know, because in some of the films you're just this, like, great riffer,
verbal riffer, and I'm wondering if you have a favorite of those scenes.

Mr. BUSCEMI: Of a talky scene?

GROSS: Yeah, yeah. Of one of your, like, verbal riffs.

Mr. BUSCEMI: Well, the one that was the most challenging was in "Miller's
Crossing," the character I played in that, this character, Mink, who
just--when I read the script, it was, like, you know, three or four pages of
straight dialogue coming from this one character. And so that's something
that I, you know, felt like this guy must be a fast talker and it's something
that I worked on, and it's something, you know, from doing plays with John
Jezarin(ph), whose work is always performed at a, you know, pretty fast clip,
that I--you know, it came pretty naturally to me, and it was really fun to do.

GROSS: Why don't we hear that scene.

Mr. BUSCEMI: OK.

(Soundbite of "Miller's Crossing")

Mr. BUSCEMI: (As Mink) ...Tom. Look, if it ain't my business, I got nothing
to say. Listen, Bernie wants to see you. It's important.

Mr. GABRIEL BYRNE: Yeah, well, I'm right here. I'm not made of glass.

Mr. BUSCEMI: Yeah, but he's nervous walking around in public, Tom. He's the
right guy, but he's very nervous. I mean, who wouldn't be?

Mr. BYRNE: Look, Mink...

Mr. BUSCEMI: I mean, the spot he's in, who wouldn't be? He asked me to ask
you to ask Leo to take care of him, you know, put in a good word with Leo.
Leo listens to you. Not that Leo wouldn't help the schemata anyway. A guy
like Bernie, a square G like the schemata, straight shooter like him?

Mr. BYRNE: I don't get it, Mink.

Mr. BUSCEMI: What's to get? It's as plain as the nose on your face.

Mr. BYRNE: I thought you were Eddie Dane's sycophant.

Mr. BUSCEMI: Yeah, Tom, that's right, but a guy could have more than one
friend, can't he? I mean, not that I don't want The Dane to know about it,
but a square G like the schemata? He's the right guy, Tom. He's a square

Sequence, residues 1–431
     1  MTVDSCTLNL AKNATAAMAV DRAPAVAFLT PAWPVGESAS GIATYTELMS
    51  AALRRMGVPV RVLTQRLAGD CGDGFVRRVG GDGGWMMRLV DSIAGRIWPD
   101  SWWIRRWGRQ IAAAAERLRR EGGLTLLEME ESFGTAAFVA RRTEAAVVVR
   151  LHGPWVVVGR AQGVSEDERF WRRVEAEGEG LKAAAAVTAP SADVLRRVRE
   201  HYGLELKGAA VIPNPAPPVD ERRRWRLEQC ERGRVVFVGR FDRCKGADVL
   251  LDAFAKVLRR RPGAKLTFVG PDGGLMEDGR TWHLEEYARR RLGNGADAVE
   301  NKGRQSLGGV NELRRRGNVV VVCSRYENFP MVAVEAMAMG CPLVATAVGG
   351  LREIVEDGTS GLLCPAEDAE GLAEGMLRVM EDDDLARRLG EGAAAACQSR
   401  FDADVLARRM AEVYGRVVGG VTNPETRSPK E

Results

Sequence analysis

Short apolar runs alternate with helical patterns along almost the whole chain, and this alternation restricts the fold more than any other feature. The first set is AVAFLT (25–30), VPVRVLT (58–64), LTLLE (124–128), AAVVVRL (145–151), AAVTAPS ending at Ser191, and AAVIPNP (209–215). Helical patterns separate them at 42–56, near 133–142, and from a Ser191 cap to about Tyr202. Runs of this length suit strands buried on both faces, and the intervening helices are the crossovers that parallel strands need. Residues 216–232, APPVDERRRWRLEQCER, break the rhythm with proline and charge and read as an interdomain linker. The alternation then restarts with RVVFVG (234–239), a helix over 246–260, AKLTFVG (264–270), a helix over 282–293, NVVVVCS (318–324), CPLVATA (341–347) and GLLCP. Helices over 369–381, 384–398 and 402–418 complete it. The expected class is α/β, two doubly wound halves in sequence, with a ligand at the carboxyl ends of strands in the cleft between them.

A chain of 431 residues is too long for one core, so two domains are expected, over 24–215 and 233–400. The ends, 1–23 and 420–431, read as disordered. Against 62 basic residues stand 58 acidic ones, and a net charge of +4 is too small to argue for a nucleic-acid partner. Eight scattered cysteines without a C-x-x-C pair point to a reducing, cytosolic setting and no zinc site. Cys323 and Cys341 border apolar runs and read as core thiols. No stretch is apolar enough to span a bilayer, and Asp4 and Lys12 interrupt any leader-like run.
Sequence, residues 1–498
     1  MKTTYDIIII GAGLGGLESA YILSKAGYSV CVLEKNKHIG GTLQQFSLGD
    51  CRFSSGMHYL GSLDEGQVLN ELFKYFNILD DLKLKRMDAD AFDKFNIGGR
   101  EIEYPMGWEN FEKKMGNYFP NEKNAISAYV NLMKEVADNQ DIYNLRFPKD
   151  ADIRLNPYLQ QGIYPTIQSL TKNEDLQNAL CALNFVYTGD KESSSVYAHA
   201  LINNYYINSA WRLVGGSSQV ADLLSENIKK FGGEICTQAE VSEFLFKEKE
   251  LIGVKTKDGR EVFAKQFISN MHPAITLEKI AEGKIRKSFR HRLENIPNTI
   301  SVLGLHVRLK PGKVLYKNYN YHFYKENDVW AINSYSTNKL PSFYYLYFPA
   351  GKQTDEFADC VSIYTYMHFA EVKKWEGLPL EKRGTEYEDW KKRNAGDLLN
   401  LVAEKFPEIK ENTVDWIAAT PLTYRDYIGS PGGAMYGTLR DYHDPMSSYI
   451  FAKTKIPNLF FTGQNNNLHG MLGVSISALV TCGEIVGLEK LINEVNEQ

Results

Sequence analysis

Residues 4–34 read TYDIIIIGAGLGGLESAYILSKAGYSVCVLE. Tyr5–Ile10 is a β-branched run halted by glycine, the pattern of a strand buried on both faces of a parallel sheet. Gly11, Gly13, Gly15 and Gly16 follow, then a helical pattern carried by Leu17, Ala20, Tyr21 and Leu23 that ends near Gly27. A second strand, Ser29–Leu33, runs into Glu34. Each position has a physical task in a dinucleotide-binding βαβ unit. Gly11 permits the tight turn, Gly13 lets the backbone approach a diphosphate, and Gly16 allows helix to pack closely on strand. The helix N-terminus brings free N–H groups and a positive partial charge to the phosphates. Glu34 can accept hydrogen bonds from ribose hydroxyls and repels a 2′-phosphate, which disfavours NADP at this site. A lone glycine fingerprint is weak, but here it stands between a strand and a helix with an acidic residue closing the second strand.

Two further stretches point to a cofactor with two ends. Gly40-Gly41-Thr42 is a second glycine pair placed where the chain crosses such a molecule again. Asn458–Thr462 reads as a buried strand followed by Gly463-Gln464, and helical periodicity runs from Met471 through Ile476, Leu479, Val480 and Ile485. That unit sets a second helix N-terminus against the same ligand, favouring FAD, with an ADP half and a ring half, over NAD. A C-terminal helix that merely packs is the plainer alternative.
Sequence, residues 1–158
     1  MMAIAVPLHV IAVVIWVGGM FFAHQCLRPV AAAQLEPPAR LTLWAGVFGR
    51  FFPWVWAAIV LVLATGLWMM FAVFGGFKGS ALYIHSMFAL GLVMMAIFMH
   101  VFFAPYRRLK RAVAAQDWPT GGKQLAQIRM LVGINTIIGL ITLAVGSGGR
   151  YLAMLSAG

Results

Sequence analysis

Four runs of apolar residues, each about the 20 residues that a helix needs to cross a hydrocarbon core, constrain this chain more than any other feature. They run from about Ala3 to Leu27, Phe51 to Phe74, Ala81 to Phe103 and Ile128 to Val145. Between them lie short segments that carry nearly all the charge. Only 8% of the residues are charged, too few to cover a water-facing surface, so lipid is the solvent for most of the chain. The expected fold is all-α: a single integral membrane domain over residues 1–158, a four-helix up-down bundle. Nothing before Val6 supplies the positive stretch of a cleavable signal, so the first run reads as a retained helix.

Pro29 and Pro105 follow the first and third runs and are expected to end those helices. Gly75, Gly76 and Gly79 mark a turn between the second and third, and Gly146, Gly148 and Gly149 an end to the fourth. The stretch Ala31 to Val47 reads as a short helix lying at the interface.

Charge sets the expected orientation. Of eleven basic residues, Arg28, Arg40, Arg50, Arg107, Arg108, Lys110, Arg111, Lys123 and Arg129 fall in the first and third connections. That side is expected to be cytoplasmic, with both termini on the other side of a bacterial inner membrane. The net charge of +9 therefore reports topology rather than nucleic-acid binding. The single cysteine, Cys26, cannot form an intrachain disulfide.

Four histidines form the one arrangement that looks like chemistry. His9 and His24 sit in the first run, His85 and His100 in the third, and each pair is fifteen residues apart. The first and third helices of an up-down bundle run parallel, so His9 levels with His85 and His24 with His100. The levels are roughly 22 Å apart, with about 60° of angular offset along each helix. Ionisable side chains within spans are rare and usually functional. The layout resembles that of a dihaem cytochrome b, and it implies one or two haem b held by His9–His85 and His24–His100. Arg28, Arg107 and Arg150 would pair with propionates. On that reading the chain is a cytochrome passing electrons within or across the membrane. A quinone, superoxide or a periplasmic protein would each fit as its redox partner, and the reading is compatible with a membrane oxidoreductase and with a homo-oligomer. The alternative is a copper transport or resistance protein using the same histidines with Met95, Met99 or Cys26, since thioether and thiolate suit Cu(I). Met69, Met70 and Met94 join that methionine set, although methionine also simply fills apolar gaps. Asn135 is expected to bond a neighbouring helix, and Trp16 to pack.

shooter. I know he's got a mixed reputation, but for a shini(ph) he's got a
lot of good qualities.

Mr. BYRNE: What's going on between you and Bernie?

Mr. BUSCEMI: Nothing, Tom. We're just friends, you know, amigos.

Mr. BYRNE: You're a fickle boy, Mink. If Eddie Dane finds out that you got
another amigo, well, I don't peg him for the understanding type.

Mr. BUSCEMI: Find out? How's he going to find out? Damn it, Tom, you and me
ain't even been talking. Jesus, Tom. Damn it. Jesus.

GROSS: That's Steve Buscemi in "Miller's Crossing." One of the movies that I
think a lot of people really discovered you in was "Reservoir Dogs," Quentin
Tarantino's first film.

Mr. BUSCEMI: Right.

GROSS: And this is a heist film in which each of the guys in the heist are
named for a color. You're Mr. Pink. How did you get to be Mr. Pink?

Mr. BUSCEMI: I mean, I read the script, like a lot of other actors, and then
talked with Quentin on the phone, and he--you know, I mean, at that time, I
mean, I had done a few films before and, you know, some of them were pretty
obscure. Quentin knew all of them, so I was pretty impressed that he even
knew who I was. I auditioned for the role. I think I auditioned twice. I
can't remember. And later on, Quentin told me that it wasn't my audition that
actually convinced them. He saw a casting tape of me from a film that I
auditioned for--it was a Neil Simon film--and it was on the basis of that
audition tape that he decided to hire me because he said that for some reason
the shirt I was wearing and the way my hair was--I had it, I guess, slicked
back--he thought that I looked like a criminal. But this is how I showed up,
you know, for a Neil Simon--which I didn't get the role, but I'm glad that I
went.

GROSS: I think that's a scream, that a failed audition for a Neil Simon movie
would lead to your part in "Reservoir Dogs."

Mr. BUSCEMI: Yeah. Yeah.

GROSS: Let me play a scene from the opening of "Reservoir Dogs," when all of
the guys involved in the heist are sitting around in a diner, and you're
talking about how you don't tip. No matter how good the service is...

Mr. BUSCEMI: Right.

GROSS: ...you don't believe in tipping.

Mr. BUSCEMI: By the way, that tipping speech, I think, was--you know, it's